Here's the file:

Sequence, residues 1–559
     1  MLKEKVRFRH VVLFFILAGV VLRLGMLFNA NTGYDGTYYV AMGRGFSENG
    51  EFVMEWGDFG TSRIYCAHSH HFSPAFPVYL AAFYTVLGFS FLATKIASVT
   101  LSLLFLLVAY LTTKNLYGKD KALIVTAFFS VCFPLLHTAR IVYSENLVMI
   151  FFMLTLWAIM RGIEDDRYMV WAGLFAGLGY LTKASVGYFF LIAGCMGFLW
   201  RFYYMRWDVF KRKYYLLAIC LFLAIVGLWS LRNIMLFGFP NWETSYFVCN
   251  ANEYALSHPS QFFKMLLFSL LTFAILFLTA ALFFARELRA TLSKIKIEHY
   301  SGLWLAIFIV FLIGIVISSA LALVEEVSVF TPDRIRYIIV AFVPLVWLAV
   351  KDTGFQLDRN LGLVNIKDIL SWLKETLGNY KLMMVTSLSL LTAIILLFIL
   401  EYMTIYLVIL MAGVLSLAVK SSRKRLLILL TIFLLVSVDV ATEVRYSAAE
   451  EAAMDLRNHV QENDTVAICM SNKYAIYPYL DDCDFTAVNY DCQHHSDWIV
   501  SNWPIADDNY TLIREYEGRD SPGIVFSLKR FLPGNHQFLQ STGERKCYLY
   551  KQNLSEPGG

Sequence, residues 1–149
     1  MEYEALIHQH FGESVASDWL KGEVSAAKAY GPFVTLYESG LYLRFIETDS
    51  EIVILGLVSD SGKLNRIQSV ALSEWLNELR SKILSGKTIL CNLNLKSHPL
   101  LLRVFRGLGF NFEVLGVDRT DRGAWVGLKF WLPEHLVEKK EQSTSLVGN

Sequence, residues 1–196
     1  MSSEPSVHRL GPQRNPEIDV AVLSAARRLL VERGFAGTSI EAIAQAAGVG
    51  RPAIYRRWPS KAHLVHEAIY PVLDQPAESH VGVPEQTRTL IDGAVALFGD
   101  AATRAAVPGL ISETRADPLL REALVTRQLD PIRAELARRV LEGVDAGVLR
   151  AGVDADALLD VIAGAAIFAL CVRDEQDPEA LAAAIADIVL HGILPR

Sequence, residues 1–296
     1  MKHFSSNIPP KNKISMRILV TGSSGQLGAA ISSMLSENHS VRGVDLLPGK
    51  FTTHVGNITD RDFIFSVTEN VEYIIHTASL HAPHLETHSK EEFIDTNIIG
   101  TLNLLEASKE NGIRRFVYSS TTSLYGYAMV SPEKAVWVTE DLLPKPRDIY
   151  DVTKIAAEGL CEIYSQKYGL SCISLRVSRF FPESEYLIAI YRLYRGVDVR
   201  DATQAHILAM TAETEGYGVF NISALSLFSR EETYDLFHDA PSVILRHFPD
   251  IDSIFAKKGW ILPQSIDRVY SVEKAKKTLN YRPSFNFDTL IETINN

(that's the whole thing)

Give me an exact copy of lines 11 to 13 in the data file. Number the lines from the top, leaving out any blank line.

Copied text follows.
   451  EAAMDLRNHV QENDTVAICM SNKYAIYPYL DDCDFTAVNY DCQHHSDWIV
   501  SNWPIADDNY TLIREYEGRD SPGIVFSLKR FLPGNHQFLQ STGERKCYLY
   551  KQNLSEPGG